A good decision doesn’t guarantee a good outcome

August 2021

Matthew Lieschke, Senior Agriculture Advisor, Livestock

I recently attended a workshop where I was asked the following question: “what is the best decision you have made in the last 12 months?”. To answer the question, I immediately started to think about some of the really good things that had taken place in the previous year as a result of a decision I made. At this point, I was introduced to a phenomenon known as “outcome bias”.


  • Evaluating a decision based on the outcome (outcome bias) can actually be misleading, as sometimes good decisions can lead to bad outcomes and vice versa
  • A good way to reduce outcome bias is to bring other people into the process – get fresh eyes and perspectives on your decisions to challenge your thinking
  • NSW Department of Primary Industries is currently offering Farm Business Coaching
  • Upskill yourself - financial and business management training can enhance decision making, business efficiency and profitability. Meat and Livestock Australia are still offering Business EDGE workshops as part of the EDGEnetwork series. Further information is available here.

Outcome bias is something that we all do and occurs when we evaluate a decision based on the outcome. A good decision can still lead to a bad outcome (and vice versa). Once a decision is made, there is always an element of chance that follows which is out of our control. For example, if you go through a green light and are involved in a car accident the outcome is obviously bad, but it was still a good decision at the time (you were just very unlucky).

Talking about decisions

Since the workshop, I’ve been thinking about decision-making on-farm and the influence of outcome bias. Over the last 12 months, many conversations I’ve shared with producers have included commentary around the remarkable turnaround in seasonal conditions, dizzying stock prices and not having enough stock on hand. Often these discussions have included a comment along the lines of “given the way things turned out I’m really glad I did this” or “in hindsight, I really wish I had done that”.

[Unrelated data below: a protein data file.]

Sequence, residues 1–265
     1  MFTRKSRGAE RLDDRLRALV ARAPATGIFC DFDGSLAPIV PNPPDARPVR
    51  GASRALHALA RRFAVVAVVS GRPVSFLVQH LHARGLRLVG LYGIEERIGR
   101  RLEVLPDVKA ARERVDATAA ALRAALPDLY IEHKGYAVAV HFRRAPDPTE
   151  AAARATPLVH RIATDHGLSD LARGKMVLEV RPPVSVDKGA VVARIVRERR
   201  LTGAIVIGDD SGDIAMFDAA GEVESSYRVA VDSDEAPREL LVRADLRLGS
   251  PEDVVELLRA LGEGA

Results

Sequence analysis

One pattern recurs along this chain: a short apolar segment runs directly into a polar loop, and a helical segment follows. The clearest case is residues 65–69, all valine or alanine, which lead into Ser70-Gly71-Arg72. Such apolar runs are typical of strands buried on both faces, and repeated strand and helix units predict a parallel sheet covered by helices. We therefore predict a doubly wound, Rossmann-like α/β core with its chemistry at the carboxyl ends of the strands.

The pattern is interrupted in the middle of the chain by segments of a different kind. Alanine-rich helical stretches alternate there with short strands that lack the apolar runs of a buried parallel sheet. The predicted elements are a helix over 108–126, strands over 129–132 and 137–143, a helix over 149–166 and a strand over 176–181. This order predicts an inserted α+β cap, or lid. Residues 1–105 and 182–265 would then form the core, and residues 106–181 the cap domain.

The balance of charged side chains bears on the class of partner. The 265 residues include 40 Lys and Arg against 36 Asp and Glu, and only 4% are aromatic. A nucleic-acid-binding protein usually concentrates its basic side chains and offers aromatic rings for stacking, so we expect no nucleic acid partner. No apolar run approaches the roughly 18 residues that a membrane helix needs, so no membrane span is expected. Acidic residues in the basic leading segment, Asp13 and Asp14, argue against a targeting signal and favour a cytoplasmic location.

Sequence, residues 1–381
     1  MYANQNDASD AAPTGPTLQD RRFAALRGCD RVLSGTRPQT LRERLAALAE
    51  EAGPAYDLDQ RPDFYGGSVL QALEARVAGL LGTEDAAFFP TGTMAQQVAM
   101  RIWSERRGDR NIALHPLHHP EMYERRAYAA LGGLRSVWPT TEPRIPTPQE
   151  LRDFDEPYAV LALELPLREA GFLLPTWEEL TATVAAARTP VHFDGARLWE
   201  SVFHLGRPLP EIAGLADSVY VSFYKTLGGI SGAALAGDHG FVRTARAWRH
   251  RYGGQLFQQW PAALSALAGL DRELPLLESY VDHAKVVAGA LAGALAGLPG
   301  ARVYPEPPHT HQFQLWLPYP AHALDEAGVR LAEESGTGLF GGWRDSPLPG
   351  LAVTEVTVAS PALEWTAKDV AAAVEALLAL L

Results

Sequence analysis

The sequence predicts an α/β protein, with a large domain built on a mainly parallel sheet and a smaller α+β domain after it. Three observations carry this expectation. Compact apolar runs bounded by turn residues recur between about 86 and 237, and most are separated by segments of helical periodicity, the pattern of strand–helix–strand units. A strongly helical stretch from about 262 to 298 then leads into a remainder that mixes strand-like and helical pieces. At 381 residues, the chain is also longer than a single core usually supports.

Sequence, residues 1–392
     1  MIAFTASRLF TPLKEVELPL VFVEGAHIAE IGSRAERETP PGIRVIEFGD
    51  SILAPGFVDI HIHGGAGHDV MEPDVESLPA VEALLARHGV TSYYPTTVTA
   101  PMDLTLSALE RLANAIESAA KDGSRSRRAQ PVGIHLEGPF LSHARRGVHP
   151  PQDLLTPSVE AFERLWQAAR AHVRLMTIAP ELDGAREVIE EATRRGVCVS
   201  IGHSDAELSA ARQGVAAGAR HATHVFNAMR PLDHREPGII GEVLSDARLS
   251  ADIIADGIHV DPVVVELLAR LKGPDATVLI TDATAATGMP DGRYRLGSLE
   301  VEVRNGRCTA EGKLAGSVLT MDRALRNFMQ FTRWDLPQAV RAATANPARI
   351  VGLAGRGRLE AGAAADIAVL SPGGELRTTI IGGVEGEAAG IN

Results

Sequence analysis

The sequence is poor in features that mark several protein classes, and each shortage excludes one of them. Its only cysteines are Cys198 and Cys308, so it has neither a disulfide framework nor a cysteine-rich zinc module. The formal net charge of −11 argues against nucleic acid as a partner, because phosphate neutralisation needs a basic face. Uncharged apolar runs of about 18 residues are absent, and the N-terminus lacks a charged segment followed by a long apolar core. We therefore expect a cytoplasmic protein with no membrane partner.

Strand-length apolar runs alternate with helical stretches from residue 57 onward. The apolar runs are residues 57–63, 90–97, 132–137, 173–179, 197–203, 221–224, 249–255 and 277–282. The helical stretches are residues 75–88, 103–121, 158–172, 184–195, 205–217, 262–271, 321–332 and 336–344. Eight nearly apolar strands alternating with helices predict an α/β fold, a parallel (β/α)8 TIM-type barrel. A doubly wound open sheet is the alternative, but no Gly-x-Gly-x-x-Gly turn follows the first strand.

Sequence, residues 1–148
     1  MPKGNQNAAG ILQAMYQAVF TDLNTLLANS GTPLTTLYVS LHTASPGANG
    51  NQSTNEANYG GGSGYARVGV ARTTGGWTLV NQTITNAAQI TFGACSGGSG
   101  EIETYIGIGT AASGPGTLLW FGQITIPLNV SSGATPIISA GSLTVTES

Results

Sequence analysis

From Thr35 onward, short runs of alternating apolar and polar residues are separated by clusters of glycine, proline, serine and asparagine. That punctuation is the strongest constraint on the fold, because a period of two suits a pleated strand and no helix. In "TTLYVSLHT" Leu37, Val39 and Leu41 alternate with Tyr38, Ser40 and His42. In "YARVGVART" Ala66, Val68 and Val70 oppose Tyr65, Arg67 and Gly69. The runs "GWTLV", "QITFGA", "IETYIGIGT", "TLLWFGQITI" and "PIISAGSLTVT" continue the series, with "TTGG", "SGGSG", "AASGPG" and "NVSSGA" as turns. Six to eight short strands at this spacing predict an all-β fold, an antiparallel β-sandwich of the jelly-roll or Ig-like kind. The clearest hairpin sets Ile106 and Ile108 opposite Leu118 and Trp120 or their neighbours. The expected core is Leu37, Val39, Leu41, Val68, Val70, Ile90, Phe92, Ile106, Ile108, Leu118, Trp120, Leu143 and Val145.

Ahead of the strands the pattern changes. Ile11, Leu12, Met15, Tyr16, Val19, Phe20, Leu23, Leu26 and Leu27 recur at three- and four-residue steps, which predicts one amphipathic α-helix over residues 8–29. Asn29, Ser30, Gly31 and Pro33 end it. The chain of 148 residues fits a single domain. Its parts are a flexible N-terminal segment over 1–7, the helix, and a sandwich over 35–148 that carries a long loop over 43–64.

While the natural tendency is to ‘learn from our experiences’, the difficult part is that all droughts are different and have their own set of unique factors (both on-farm and off-farm). As such, in managing drought it’s very difficult to be prescriptive or have a set recipe. In other words, a very good strategy for one drought might not be a good strategy for the next. Each drought needs to be dealt with on a case-by-case basis where all available options are explored and the likely outcome from each strategy is assessed using the best available information at the time.

Secondly, with any drought review process that you may undertake it’s imperative that you separate the outcome from the decision. Annie Duke (former professional poker player and author in behavioural decision science) stresses that this is extremely difficult to do as we tend to tie the quality of the outcome to the quality of the decision. Duke suggests that one way to reduce this bias is to bring other people into the review process. Ideally, these people will have a different perspective to your own so they can bring a different angle to the discussion, cultivate curiosity and challenge your own thinking.

When reviewing your drought strategy, also take the opportunity to review your overall business plan e.g. business goals and objectives, production plans, financial plans and so on. If you haven’t done this before and aren’t sure where to start, NSW Department of Primary Industries is currently offering Farm Business Coaching. This is a unique opportunity to receive one-on-one advice from an expert coach to ensure you are heading in the right direction. Places are limited to 150 businesses across NSW and applications close on 31 August 2021.

Upskill yourself - Meat and Livestock Australia are still offering Business EDGE workshops. Part of the EDGEnetwork series, Business EDGE is a two-day financial and business management training workshop for all livestock producers. The aim is to enhance producer knowledge and skills in basic financial and business management to improve business efficiency and profitability. The next available course is being held in Wagga Wagga on 2-3 September. Further information is available here.

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